Videos / Training
Hog Trapping 101
Disproving Continuous Catch
The continuous catch theory believes feral hogs will continue to enter a one-way trap door until all are captured. JAGER PRO Hog Control Systems tested this theory on 20 trap sites by pre-baiting each for 10+ days while locking the door in an open position. After hogs were conditioned to use the trap as a food source, we set the trigger on the one-way door. This video demonstrates feral hog behavior around continuous catch doors and the low success rate associated with this trapping method.
Trap & Door Selection
This video demonstrates feral hog behavior and their reactions to various sized traps and doors. Trappers should make informed decisions about equipment and methods based on actual results. The only effective trapping program is to capture 100% of the sounder group at one time. If this mission is not accomplished, the remaining hogs become trap shy, breed and easily replenish the population.
Gate Triggering Mistakes
JAGER PRO spent 2 1/2 years consulting with FLIR - the most vertically-integrated thermal imaging company in the world. Both companies have leveraged their vast experience with military-grade thermal imagers to produce the most advanced and affordable technology available to the public for feral swine and coyote control.
Gathering intelligence from onsite video is a very important component of efficient trapping. Our video segment will use three vital facts learned from Stealth camera footage which enabled us to achieve 100% success on this location. This segment successfully demonstrates the capture of an entire sounder group employing the JAGER M.I.N.E. Trapping System. The next video in our series will continue to demonstrate feral hog behavior so viewers will better understand how to accomplish 100% captures for more effective hog control.
Trap Panel Selection
Several types of livestock panels are commonly used to build corral trap enclosures. These hog, sheep, goat, cattle and horse panels range in heights between 34 and 60 inches tall, normally 16 feet long and contain mesh openings from two inches tall up to six inches tall. This segment will demonstrate why most commercial livestock panels are vulnerable to feral hog escapes. This video in our series will continue to demonstrate feral hog behavior so viewers will better understand how to accomplish 100% captures for more effective hog control.
Electronic Trip Wire
This segment will demonstrate our electronic trip wire design which produced an 87% capture rate. This method uses 50 pound braided fishing line as a cost effective trigger for the MINE Trapping System. We prefer the moss green color as it very difficult to detect. The electronic trip wire only requires 3 pounds of pressure to trigger the contact closed on the transmitter which then sends a wireless signal to the receiver located inside the control box. This video in our series will continue to demonstrate feral hog behavior so viewers will better understand how to accomplish 100% captures for more effective hog control.
Effective vs. Efficient
Innovation is about "bringing new ideas to life." Business innovation is linked to higher performance through improvements in efficiency and productivity. Organizations that do not innovate effectively will be destroyed by those who do. This segment will answer several questions posed by those resisting the inventive changes our company is making to high volume hog control. We will also explain the difference between effective control methods and efficient control methods.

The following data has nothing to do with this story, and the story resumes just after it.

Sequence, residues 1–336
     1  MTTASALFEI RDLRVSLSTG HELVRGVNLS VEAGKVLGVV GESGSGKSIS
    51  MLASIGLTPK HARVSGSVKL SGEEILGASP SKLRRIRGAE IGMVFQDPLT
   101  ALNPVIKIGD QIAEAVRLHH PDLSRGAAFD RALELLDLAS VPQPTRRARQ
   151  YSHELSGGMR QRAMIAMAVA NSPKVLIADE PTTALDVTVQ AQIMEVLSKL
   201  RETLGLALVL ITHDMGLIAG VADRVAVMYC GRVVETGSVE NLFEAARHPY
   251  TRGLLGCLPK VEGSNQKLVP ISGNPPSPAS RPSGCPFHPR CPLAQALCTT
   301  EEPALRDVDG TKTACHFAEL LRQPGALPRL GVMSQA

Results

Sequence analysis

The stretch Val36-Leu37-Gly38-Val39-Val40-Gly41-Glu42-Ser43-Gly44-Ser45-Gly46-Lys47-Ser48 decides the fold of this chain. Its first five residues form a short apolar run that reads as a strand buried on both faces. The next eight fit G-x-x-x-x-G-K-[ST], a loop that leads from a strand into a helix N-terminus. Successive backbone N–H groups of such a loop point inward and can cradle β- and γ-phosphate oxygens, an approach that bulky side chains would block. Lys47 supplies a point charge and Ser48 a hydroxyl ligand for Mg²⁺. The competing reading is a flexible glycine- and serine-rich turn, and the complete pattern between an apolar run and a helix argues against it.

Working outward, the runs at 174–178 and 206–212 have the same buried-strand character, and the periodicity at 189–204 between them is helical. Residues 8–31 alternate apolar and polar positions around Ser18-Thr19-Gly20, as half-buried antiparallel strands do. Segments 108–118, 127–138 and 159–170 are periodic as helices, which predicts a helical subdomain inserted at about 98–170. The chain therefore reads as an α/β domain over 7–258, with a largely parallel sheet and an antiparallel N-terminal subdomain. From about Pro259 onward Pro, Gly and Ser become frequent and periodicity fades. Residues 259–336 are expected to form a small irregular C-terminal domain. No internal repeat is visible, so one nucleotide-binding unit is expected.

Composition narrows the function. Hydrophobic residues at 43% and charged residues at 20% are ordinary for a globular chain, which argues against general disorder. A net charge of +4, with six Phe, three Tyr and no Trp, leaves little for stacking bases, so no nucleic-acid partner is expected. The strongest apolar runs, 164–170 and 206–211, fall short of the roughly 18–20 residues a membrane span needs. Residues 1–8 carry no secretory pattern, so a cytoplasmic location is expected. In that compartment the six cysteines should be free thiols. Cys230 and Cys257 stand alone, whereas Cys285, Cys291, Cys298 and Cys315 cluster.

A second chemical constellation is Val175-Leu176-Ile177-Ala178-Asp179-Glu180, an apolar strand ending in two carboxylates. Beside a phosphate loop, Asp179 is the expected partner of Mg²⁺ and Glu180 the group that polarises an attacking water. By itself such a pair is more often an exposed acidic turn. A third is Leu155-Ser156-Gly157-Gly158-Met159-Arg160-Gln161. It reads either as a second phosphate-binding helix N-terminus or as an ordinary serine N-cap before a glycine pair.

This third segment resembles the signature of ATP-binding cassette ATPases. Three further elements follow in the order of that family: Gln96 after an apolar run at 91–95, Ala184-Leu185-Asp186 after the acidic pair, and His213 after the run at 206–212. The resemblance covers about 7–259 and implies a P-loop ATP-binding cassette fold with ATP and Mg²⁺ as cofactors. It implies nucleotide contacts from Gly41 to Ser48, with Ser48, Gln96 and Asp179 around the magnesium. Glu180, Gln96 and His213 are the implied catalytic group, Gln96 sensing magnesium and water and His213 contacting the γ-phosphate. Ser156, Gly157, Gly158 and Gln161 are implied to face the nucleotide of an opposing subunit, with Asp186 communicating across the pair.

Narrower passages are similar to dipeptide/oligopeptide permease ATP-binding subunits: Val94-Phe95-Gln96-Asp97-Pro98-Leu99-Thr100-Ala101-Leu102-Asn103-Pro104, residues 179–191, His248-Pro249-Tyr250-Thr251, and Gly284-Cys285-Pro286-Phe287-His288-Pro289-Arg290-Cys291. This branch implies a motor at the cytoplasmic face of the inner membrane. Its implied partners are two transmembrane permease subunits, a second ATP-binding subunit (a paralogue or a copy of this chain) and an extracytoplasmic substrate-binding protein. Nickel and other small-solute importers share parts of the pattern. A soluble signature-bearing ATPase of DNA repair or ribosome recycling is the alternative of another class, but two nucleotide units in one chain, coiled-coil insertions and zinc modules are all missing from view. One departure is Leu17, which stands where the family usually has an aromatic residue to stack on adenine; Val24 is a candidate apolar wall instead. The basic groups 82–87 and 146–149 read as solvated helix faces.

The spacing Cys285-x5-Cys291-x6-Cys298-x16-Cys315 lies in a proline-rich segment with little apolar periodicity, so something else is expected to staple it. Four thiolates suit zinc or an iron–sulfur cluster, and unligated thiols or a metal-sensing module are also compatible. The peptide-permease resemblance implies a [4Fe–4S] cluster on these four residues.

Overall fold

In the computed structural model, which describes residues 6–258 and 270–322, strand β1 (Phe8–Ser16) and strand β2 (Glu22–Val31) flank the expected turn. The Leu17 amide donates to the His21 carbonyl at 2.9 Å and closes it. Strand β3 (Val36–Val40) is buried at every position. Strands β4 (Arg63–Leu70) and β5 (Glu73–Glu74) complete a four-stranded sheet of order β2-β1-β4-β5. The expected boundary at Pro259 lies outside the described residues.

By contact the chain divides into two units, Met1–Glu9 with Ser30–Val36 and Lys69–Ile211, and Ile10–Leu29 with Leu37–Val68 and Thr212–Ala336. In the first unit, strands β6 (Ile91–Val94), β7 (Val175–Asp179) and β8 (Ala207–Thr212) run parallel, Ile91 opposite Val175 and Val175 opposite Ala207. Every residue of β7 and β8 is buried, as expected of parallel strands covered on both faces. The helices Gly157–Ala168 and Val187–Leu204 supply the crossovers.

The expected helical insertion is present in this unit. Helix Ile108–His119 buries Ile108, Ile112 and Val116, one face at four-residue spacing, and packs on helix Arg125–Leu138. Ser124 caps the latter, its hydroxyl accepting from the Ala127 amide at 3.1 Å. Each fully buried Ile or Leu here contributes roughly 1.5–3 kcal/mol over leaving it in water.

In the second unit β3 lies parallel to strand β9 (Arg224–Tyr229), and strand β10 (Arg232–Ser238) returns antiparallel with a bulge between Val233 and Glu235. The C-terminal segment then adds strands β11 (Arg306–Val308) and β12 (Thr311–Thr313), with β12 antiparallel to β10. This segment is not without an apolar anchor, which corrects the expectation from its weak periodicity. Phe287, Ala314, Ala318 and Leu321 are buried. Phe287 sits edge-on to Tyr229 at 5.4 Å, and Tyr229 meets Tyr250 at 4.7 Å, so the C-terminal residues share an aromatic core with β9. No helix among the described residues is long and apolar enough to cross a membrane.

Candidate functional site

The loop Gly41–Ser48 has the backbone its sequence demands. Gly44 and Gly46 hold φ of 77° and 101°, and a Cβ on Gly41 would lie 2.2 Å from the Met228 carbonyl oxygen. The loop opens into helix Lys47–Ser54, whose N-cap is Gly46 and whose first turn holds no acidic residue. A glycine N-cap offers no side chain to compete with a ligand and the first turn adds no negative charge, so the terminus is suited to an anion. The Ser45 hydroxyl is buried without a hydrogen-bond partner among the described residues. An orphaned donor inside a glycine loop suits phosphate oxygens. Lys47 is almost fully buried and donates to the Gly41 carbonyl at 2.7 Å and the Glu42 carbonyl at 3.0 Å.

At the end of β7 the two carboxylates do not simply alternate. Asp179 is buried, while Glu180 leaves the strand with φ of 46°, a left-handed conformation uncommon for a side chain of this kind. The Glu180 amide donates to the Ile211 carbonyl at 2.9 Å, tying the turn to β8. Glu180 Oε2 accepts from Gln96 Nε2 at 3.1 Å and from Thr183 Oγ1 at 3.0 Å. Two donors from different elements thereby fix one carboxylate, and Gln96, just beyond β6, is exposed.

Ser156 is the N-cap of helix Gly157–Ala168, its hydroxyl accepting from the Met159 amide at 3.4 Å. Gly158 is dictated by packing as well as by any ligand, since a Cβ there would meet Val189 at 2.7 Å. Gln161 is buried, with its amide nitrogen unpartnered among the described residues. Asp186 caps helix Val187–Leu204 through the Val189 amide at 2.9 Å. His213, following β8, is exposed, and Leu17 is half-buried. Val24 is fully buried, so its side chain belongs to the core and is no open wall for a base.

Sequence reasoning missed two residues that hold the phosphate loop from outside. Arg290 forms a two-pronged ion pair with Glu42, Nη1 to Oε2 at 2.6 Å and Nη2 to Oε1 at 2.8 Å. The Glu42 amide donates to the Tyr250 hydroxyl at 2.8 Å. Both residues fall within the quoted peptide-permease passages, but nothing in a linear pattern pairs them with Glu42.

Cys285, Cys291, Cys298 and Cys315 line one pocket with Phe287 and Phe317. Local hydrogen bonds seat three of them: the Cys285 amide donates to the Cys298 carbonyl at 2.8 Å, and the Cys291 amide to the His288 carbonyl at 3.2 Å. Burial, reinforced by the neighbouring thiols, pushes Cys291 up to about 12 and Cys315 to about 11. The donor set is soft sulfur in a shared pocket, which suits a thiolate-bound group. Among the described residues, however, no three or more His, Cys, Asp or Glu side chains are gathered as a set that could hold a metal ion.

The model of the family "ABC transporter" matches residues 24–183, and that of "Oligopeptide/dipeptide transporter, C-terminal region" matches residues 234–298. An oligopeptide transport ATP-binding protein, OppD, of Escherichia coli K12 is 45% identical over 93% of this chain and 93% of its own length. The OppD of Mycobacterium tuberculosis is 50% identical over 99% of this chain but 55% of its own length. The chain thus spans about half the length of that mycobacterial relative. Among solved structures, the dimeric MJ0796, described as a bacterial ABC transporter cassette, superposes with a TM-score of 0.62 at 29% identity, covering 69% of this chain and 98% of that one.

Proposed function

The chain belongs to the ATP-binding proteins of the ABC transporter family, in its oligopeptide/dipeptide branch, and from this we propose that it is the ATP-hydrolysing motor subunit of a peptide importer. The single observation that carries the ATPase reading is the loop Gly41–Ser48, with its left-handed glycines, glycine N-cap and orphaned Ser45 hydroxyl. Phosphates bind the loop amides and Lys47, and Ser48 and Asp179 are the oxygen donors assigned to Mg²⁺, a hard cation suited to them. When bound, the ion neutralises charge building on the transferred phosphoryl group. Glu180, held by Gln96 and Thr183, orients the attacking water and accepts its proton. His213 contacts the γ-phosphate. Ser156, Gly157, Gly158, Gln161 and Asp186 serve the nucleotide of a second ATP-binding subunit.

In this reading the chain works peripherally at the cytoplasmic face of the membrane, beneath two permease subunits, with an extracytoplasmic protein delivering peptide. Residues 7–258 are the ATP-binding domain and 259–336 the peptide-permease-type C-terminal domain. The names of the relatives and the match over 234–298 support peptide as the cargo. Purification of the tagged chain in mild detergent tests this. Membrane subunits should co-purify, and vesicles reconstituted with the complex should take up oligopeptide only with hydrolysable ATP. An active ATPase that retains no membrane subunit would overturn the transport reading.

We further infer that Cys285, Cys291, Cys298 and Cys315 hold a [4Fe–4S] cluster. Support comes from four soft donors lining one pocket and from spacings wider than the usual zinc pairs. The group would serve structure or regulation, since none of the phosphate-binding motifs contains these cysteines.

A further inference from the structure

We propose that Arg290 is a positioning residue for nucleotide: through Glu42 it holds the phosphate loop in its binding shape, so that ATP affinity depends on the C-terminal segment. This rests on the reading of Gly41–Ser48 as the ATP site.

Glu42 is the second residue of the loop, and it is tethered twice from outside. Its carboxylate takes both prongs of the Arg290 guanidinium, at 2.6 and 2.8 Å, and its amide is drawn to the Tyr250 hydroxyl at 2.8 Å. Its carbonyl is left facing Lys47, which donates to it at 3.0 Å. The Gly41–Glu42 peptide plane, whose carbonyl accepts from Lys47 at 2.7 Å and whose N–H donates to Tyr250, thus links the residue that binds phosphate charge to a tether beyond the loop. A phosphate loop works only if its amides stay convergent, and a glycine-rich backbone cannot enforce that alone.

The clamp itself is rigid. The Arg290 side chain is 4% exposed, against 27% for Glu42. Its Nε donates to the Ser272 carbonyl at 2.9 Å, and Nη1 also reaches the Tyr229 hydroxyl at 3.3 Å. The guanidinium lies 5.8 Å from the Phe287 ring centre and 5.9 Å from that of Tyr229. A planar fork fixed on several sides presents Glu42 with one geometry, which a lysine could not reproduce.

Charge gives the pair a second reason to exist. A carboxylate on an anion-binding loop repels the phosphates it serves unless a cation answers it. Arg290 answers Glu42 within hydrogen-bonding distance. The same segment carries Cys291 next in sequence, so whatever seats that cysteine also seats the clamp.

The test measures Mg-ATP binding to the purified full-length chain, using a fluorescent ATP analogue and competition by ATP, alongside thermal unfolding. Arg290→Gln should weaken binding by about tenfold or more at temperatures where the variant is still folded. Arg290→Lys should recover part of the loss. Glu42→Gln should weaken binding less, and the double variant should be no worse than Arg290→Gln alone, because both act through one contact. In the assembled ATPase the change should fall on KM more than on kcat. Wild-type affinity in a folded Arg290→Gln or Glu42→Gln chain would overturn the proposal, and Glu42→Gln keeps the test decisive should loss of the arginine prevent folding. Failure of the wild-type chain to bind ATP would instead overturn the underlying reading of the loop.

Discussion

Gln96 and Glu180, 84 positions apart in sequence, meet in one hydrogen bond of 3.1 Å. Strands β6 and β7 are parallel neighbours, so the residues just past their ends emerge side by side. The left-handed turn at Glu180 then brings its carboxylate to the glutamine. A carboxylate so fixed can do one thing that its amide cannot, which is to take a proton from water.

Wild Piglet Survival without Sow
Some viewers falsely believe nursing juveniles cannot survive without their mother's milk and assume the piglets will certainly die after the sow is killed. This segment will follow two (4-week old) pigs for an entire month as they avoid predators and thrive after their mother was removed from the equation. We demonstrate why trap panel selection is such an important decision when implementing a successful Integrated Wild Pig Control (IWPC) program.
Conditioning hogs to trust the corral enclosure is essential to efficient trapping. This video segment documents three important steps of our Capture Success Matrix which enables us to achieve 100% success at this location. The next video in our series will continue to demonstrate feral hog behavior so viewers will better understand how to accomplish 100% captures for more effective hog control.
Our mission on the Georgia Environmental Protection Division contract was to quickly gather intelligence and efficiently remove 100 percent of each individual sounder in the shortest time possible on 4816 acres. The first challenge was communicating a single Integrated Wild Pig Control™ plan to 14 different landowners which had been using ineffective 5’ x 10’ portable box traps to educate pigs on their property. The capture should have been accomplished within 96 hours of building the enclosure but actually took 14 days after experiencing shooting interference from one of the landowners. Fortunately, our JAGER PRO trapping equipment and cellular technology allowed us to still accomplish the mission without wasting any additional fuel or labor in spite of the critical shooting mistake. This segment will demonstrate the strategic sounder removal using a M.I.N.E.™ Trapping System while expending less than four hours of labor.
This segment will properly demonstrate the capture of 33 feral hogs using the JAGER PRO M.I.N.E. Trapping System. We discuss each step of our Capture Success Matrix in detail to reinforce 100% capture results. The next video in our series will continue to demonstrate feral hog behavior so viewers will better understand how to accomplish 100% captures for more effective hog control.